Gabby Petito Case: City of Moab to Investigate Police's Handling of Brian Laundrie Traffic Stop
The audio that was released by the Grand County Sheriff’s Office allegedly contradicted an initial police report in which Petito was branded as the aggressor due to scratch marks on Laundrie’s face, according to bodycam footage.
New dispatch radio recordings show that Utah police who pulled over Brian Laundrie and Gabby Petito were told by a dispatcher that "a male struck a female," but police initially focused on Petito as the primary aggressor during the traffic stop dispute, officials said.
The Moab Police Department has come under fire for its handling of the Aug. 12 domestic dispute between Laundrie and Petito and now an independent investigation will be conducted by an unaffiliated law enforcement agency, according to a statement sent to Inside Edition Digital by Lisa Church, Moab City Communications and Engagement Manager.
"The death of Gabrielle Petito in Wyoming is a heartbreaking tragedy, and all of us are deeply saddened to learn the outcome of the nationwide effort to locate her. Our sincere condolences go out to the Petito family," the statement read.
"With the weeks long search for Ms. Petito across the western U.S. news that a call to Grand County Dispatch on Aug. 12 reported a possible domestic dispute between Ms. Petito and Brian Laundrie here in Moab has naturally led to questions from the media and the public about the call. During the past week, our police officer have been both praised and criticized for their response and their resolution of the incident involving Ms. Petito and Mr. Laundrie.
"The Moab City Police Department has clear standards for officer conduct during a possible domestic dispute and our officers are trained to follow those standards and protocol,” the statement read. “At this time, the City of Moab is unaware of any breach of Police Department policy during this incident. However, the City will conduct a formal investigation, and based on the results, will take any steps that may be appropriate.”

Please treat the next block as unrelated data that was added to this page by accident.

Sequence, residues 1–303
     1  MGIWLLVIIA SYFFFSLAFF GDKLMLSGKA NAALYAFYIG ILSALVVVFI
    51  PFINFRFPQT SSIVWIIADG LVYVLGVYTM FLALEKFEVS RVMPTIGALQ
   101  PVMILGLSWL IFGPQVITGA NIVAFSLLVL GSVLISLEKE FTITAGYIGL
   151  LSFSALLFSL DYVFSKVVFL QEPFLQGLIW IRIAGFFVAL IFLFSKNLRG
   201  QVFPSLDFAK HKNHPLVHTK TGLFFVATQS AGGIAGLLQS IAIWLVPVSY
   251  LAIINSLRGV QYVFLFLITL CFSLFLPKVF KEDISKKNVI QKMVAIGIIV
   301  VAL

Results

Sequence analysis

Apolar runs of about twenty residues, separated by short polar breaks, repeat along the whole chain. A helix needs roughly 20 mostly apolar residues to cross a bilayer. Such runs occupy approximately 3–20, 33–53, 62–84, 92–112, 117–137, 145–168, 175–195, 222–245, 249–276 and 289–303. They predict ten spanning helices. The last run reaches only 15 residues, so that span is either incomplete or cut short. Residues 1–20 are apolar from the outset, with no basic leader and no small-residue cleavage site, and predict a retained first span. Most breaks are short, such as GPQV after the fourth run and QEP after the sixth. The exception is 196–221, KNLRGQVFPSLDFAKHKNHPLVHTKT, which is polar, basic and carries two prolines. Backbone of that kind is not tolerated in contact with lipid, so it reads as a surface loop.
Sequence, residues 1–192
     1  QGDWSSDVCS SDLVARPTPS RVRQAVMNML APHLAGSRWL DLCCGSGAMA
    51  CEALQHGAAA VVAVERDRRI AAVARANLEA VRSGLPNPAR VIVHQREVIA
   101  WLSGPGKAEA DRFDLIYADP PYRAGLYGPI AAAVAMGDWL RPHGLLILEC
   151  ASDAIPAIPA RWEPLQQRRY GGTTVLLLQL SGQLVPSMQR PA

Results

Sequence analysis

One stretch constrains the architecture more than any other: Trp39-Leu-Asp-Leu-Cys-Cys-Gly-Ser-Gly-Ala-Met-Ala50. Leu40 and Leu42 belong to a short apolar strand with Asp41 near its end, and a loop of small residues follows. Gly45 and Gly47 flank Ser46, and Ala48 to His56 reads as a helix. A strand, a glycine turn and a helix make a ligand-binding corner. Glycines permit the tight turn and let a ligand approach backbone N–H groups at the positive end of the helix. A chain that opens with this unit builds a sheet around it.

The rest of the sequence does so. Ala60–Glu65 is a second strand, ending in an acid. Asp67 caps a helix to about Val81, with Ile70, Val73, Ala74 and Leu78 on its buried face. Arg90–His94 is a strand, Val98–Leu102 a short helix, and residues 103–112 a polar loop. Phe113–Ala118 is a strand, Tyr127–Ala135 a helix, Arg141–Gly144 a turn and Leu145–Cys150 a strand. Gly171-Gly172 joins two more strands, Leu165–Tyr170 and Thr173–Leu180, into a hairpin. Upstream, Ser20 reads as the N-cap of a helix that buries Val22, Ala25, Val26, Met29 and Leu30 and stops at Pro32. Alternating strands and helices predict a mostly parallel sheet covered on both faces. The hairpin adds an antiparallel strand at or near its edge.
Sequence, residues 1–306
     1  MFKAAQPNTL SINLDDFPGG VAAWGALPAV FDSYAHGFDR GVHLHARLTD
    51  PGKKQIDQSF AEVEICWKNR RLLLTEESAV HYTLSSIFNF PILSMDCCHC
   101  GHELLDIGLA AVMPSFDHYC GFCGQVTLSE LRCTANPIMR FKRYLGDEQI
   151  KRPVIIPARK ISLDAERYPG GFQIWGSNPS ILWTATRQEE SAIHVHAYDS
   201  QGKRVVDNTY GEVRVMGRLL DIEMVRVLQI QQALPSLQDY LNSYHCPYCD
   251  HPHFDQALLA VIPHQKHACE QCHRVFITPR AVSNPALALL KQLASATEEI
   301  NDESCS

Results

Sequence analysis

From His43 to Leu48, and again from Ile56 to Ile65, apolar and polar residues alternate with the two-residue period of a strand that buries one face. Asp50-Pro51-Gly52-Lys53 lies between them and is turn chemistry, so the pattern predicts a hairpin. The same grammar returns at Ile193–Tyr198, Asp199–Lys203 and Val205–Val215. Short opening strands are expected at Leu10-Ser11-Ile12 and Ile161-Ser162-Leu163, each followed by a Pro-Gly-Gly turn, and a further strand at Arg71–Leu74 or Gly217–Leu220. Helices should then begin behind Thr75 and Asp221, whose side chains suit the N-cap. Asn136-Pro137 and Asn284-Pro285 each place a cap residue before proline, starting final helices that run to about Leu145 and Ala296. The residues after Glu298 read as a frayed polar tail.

Moab City Police Chief Bret Edge said in a statement obtained by Inside Edition Digital, “An outside party filed a request with the Moab City Police Department asking for a formal investigation into the Aug. 12 incident in Moab involving Gabrielle Petito and Brian Laundrie. We take all complaints seriously and we are committed to fully addressing these concerns."
He continued: “We look forward to the investigation. Should the investigation identify areas for improvement we will take that information to heart, learn from it, and make changes if needed to ensure we are providing the best response and service to our community.”
On Aug. 12, Moab police had pulled Petito and Laundrie over outside of Arches National Park following the report of a domestic incident that took place at an organic grocery store called the Moonflower Community Cooperative.
A witness called 911 and told the dispatcher they had encountered a man and woman in Moab engaged in a “ domestic dispute.”
”RP (reporting party) states seeing a male hit a female, domestic,” the dispatcher is heard saying on the day of the incident, according to police audio obtained by Fox 13 Utah.
“He got into a white Ford Transit van, has a black ladder on the back, Florida plate,” the dispatcher added.
The witness proceeded to tell the dispatcher that “he saw a man hit a woman, domestically,” according to the records obtained by Fox13 Utah.
“We drove by and the gentleman was slapping the girl," the caller said, who proceeded to tell the dispatcher that when he stopped he explained that “[Laundrie and Petito] ran up and down the sidewalk, he proceeded to hit her, hopped in the car and they drove off."
The audio that was released by the Grand County Sheriff’s Office allegedly contradicted an initial police report in which Petito was branded as the aggressor due to scratch marks on Laundrie’s face, according to bodycam footage, Inside Edition Digital previously reported.